Wednesday, October 28, 2009

Bringing The Movie To Life: Derby Dreams - Part 2

Naturally, my new hobby comes at a price. First off, the roller derby league highly recommends participating in their skills nights. Fine, that makes sense. I don't really know what I'm doing and could definitely use some pre-tryout training. But, of course, these sessions aren't free. On top of that, I actually have to purchase a pair of skates. I did some thorough research - Googled "roller derby skates" - and checked out the top hit's bestseller list. Of course, the skate at the top spot was the cheapest. I didn't want to go for the bottom of the barrel but didn't want to start spending hundreds of dollars on quads when there's a possibility I might not even make it past tryout day. After much deliberation, I ended up purchasing the moderately priced Riedell R3 Tuners.

My next derby venture was going to require some cash as well. I didn't want to walk into the first of four skills nights without any experience. The league's website suggests training with a local instructor. Fine, but I’m not embarrassing myself in any class. I inquired about arranging a private lesson and after some brief correspondence was all set to meet with the trainer later that week.

On the day of the lesson, I skeptically went to the park and looked around for the instructor. He was hard to miss. Not only was the park practically empty but it was easy to liken the guy sweeping away the foliage to the one I saw on his website. Judgment aside, I introduced myself, slipped on my skates and got rolling, literally. I couldn't stand still without rolling and my instinct to press down on a heel break while rollerblading only landed me on my ass. Thankfully, it didn't take long to get my bearings and successfully skate in a small circle a few times. Skating with some speed for the first time is a thrill, but that thrill comes to a crashing halt (pun intended) when you realize you don't know how to stop. I wouldn't dare pretend to have a heel break again so opted to hurl myself into the nearest bench. My instructor came to my rescue and introduced me to the T-stop. He would have come across as more of a knight in shining armor if I was actually able to execute this mythical T-stop. The damn move was nearly impossible. It took the majority of the lesson to be able to drag my right foot behind the left with pressure primarily on the "B-wheel" - or whatever that means – to successfully grind to a halt.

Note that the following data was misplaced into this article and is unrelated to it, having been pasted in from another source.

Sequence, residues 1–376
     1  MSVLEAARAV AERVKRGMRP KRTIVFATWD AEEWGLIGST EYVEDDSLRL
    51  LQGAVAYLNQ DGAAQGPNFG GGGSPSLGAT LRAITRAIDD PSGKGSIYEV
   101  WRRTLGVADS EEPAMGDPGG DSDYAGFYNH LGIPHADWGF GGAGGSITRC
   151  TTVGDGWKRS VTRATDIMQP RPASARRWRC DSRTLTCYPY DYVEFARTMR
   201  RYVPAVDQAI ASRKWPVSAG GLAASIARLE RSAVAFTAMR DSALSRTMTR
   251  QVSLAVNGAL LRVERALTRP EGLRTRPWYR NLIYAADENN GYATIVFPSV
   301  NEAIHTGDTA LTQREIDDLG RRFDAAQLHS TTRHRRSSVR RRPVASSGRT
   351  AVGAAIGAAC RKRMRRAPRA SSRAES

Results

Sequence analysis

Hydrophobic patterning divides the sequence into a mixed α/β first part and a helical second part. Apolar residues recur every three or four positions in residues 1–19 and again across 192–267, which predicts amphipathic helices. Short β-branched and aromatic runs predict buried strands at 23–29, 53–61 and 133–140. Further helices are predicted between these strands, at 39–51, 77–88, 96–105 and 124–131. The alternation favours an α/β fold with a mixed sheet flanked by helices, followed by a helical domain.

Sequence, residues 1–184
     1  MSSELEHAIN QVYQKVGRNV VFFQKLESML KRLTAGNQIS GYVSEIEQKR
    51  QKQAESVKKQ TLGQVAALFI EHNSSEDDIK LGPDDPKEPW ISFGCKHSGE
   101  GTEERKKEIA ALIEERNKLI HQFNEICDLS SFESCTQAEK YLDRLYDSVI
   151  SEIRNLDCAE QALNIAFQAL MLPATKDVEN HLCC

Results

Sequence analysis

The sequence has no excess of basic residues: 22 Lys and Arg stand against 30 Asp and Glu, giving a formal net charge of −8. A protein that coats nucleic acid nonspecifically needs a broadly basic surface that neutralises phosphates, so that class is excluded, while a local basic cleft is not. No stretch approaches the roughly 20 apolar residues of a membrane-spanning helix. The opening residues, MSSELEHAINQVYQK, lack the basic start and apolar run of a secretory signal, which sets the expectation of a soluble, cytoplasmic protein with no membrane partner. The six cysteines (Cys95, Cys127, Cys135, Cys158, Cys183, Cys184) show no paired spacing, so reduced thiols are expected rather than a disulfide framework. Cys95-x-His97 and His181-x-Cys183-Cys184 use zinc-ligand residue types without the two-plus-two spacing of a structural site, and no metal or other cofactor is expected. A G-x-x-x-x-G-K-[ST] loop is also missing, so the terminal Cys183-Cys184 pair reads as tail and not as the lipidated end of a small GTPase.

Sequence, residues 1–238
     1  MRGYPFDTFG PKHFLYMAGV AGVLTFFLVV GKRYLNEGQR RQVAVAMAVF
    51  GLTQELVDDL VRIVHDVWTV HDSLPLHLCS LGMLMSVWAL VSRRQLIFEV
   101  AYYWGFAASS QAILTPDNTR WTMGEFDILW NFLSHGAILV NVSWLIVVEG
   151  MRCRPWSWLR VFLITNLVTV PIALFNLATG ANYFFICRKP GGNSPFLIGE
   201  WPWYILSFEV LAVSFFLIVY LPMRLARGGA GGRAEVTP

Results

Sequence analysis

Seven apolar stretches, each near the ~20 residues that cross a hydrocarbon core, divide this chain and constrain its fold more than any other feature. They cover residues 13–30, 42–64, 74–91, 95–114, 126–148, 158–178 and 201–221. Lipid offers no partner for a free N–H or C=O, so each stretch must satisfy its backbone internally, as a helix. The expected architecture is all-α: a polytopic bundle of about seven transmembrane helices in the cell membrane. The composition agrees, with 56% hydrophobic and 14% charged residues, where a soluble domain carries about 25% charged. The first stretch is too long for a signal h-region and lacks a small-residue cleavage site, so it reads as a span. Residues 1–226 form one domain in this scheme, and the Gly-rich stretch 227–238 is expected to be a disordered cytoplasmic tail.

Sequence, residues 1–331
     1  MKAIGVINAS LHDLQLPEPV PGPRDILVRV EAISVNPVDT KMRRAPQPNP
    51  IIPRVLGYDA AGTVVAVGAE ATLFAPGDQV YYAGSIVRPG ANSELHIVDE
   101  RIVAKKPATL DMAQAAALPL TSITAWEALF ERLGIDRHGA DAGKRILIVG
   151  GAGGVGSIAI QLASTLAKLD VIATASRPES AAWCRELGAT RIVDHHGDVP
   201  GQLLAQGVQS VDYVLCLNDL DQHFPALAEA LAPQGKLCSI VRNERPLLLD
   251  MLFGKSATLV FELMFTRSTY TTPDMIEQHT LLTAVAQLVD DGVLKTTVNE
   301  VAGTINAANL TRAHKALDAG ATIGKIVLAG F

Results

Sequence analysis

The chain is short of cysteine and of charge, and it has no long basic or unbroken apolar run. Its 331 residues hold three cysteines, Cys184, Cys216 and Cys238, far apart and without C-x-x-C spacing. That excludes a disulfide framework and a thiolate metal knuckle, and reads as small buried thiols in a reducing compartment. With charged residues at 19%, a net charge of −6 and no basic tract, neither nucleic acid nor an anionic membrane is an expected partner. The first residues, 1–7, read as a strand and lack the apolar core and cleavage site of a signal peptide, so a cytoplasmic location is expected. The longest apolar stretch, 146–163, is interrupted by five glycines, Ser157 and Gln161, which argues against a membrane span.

Once stopping was out of the way, or at least brushed under the rug for the time being, we worked on stride form: skating on one foot and leaning into turns. By the end of the hour-long session, breaking aside, I had come to the conclusion that I was pretty good. After just an hour I felt pretty comfortable on the quads and couldn't wait to practice on my own.

With my newfound confidence I went home and did some laps around my driveway. Skating at home was fun, but it'd be impossible to get in viable practice unless I found a local indoor rink. Not only did the asphalt completely chew up my indoor wheels but Charlie, my corgi, had a blast nipping at my pants and watching me fall.

That Monday I ventured out to a local rink for an opening skating session. To my relief, I was the only skater. I hopped onto the freshly waxed floor with nobody to worry about hurting except myself. I had the whole place to myself and a private DJ playing the latest hits; I was pumped. I zipped around the oval without a care in the world. I was fast and get this, I could stop! Turns out that whole T-Stop thing feels much more natural on the floor as opposed to gritty tarmac. I did crossovers, skated on one foot and even turned myself around to try some backwards skating. Well, it was more like very slow gliding, but I was certainly doing it backwards! After about an hour I walked out, spirits high and looking forward to the first skills night at the end of the week.

More to come soon!
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